Maria Montessori describes the nature of the child and her method. She believes that once the general principles of her method have been grasped, its material application is very simple.
Gone are teachers who wear out their lungs maintaining discipline. Verbal instruction is replaced by "material for development," which affords children the opportunity of teaching themselves by their own efforts. The teacher thus becomes a director of the child's own spontaneous work.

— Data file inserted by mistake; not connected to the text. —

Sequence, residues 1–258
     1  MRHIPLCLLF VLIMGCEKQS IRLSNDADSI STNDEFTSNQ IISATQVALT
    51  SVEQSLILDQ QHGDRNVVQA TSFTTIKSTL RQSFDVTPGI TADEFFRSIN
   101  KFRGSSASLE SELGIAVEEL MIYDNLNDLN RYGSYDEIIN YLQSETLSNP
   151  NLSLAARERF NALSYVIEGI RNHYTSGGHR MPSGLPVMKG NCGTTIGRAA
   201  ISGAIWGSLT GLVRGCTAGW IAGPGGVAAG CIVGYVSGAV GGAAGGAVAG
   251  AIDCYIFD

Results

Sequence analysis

About the Author:
Maria Montessori (1870-1952), Italian physician and educationist, born in Rome, the first woman in Italy to receive a mediacal degree (1894), she founded a school for children with learning disabilities (1899-1901), and developed a system of education for children of three to six based on spontaneity of expression and freedom from restraint. The system was later worked out for older childre, and applied in Montessori schools throughout the world. She opened the first Montessori school for children in the slums of Rome in 1907.